Antimicrobial Peptides: Insights into Membrane Permeabilization, Lipopolysaccharide Fragmentation and Application in Plant Disease Control.Datta, A., Ghosh, A., Airoldi, C., Sperandeo, P., Mroue, K.H., Jimenez-Barbero, J., Kundu, P., Ramamoorthy, A., Bhunia, A.
(2015) Sci Rep 5: 11951-11951
- PubMed: 26144972
- DOI: 10.1038/srep11951
- PubMed Abstract:
The recent increase in multidrug resistance against bacterial infections has become a major concern to human health and global food security. Synthetic antimicrobial peptides (AMPs) have recently received substantial attention as potential alternativ ...
The recent increase in multidrug resistance against bacterial infections has become a major concern to human health and global food security. Synthetic antimicrobial peptides (AMPs) have recently received substantial attention as potential alternatives to conventional antibiotics because of their potent broad-spectrum antimicrobial activity. These peptides have also been implicated in plant disease control for replacing conventional treatment methods that are polluting and hazardous to the environment and to human health. Here, we report de novo design and antimicrobial studies of VG16, a 16-residue active fragment of Dengue virus fusion peptide. Our results reveal that VG16KRKP, a non-toxic and non-hemolytic analogue of VG16, shows significant antimicrobial activity against Gram-negative E. coli and plant pathogens X. oryzae and X. campestris, as well as against human fungal pathogens C. albicans and C. grubii. VG16KRKP is also capable of inhibiting bacterial disease progression in plants. The solution-NMR structure of VG16KRKP in lipopolysaccharide features a folded conformation with a centrally located turn-type structure stabilized by aromatic-aromatic packing interactions with extended N- and C-termini. The de novo design of VG16KRKP provides valuable insights into the development of more potent antibacterial and antiendotoxic peptides for the treatment of human and plant infections.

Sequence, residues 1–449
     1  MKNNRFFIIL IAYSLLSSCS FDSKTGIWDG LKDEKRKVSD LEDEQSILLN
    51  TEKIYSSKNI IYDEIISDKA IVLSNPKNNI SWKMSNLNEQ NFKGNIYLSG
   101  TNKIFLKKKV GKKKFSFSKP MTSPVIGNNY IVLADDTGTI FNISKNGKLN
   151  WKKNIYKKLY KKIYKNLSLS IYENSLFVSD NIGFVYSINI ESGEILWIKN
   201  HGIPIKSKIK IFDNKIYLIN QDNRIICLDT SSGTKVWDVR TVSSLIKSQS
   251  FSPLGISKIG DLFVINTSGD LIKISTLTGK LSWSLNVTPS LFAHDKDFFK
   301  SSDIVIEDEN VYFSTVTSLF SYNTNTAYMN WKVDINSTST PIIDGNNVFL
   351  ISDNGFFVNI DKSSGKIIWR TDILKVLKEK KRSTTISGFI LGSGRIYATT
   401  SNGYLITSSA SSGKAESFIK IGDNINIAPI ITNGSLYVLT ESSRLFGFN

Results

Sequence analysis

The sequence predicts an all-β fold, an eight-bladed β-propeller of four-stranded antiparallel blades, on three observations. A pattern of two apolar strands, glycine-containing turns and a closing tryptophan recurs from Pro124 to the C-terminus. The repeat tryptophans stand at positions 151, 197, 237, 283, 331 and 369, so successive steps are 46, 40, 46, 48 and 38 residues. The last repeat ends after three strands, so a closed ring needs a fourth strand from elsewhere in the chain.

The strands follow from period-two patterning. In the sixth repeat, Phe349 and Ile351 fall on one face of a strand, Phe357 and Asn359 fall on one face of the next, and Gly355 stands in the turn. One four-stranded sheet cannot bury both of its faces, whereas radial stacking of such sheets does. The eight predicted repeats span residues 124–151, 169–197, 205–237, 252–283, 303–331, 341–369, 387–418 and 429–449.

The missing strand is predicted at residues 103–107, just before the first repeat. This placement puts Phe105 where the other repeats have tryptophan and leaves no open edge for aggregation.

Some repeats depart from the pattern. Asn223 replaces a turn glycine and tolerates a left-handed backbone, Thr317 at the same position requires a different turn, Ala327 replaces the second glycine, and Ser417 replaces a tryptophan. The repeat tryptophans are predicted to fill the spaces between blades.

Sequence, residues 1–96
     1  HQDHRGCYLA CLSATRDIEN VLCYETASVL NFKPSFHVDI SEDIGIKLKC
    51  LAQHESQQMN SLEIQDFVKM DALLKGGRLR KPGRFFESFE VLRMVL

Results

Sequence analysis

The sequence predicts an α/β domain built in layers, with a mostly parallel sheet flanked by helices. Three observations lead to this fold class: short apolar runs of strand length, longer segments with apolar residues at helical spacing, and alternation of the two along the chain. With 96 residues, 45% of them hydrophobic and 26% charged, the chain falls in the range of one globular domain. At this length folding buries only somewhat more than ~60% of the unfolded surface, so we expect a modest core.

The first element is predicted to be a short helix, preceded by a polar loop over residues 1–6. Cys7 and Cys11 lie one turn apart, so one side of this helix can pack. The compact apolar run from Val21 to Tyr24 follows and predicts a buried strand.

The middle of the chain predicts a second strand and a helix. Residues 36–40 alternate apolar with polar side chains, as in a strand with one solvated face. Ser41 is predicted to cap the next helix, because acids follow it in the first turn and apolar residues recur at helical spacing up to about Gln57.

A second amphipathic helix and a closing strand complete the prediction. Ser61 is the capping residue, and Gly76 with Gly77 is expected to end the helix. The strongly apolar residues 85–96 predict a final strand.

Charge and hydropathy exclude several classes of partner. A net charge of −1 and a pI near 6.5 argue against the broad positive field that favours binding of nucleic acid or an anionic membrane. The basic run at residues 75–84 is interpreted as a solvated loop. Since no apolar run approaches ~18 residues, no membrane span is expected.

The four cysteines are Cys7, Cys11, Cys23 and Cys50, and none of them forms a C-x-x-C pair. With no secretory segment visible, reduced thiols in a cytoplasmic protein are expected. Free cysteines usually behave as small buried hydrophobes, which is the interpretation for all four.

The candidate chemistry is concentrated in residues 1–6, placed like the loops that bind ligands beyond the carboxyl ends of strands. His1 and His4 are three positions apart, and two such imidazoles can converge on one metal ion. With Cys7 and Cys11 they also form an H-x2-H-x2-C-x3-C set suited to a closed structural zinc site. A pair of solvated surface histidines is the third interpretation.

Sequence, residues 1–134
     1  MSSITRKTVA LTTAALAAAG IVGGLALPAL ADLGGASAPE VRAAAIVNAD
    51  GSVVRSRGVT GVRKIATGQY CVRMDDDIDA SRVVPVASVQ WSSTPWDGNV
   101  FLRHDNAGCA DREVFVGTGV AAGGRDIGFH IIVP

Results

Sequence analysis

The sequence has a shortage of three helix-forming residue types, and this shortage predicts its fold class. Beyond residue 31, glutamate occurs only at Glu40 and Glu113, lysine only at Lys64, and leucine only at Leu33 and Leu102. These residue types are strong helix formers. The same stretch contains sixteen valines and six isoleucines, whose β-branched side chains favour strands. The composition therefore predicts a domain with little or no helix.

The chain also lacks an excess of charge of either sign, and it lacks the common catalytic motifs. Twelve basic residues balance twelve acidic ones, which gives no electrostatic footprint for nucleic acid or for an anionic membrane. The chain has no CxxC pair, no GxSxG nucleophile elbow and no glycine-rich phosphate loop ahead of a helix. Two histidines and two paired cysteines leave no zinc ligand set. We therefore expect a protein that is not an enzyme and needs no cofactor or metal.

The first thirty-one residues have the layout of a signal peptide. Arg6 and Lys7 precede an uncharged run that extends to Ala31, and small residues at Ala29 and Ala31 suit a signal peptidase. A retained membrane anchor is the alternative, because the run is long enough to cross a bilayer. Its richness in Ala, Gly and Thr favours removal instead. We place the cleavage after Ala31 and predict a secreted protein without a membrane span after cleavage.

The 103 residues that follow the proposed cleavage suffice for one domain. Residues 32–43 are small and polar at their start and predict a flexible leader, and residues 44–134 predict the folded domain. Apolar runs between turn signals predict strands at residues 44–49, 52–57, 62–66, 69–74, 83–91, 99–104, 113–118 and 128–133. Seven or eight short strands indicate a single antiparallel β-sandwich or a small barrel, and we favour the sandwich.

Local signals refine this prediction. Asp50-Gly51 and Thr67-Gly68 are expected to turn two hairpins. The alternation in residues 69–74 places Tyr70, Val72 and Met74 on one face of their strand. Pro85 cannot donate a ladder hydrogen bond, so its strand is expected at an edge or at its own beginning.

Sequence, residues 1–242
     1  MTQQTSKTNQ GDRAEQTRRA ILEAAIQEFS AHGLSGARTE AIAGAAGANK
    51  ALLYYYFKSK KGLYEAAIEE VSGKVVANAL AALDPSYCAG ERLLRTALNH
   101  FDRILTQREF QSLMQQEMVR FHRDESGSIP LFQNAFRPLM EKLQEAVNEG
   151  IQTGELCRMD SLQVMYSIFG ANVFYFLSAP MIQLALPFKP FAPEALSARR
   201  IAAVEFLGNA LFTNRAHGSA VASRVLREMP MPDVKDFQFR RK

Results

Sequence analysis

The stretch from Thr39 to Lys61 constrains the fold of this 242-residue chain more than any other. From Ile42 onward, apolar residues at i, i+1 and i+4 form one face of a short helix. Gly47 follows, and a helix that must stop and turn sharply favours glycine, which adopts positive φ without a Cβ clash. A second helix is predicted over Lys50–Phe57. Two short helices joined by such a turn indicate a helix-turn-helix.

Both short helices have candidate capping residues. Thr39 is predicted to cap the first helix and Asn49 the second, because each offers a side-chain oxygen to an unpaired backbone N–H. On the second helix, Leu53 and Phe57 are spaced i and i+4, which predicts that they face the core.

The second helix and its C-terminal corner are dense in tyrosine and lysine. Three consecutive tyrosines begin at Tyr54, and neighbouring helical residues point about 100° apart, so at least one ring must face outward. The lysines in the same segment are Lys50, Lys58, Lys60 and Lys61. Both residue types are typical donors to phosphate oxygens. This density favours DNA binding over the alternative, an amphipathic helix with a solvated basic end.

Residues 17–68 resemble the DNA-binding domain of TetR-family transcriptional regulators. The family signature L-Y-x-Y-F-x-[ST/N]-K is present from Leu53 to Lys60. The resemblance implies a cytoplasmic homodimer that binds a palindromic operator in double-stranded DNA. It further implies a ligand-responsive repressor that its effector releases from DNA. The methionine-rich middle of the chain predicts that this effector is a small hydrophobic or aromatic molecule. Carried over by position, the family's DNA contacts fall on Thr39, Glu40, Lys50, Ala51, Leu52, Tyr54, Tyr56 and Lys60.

Department of Biophysics, Bose Institute, P-1/12 CIT Scheme VII (M), Kolkata 700 054, India.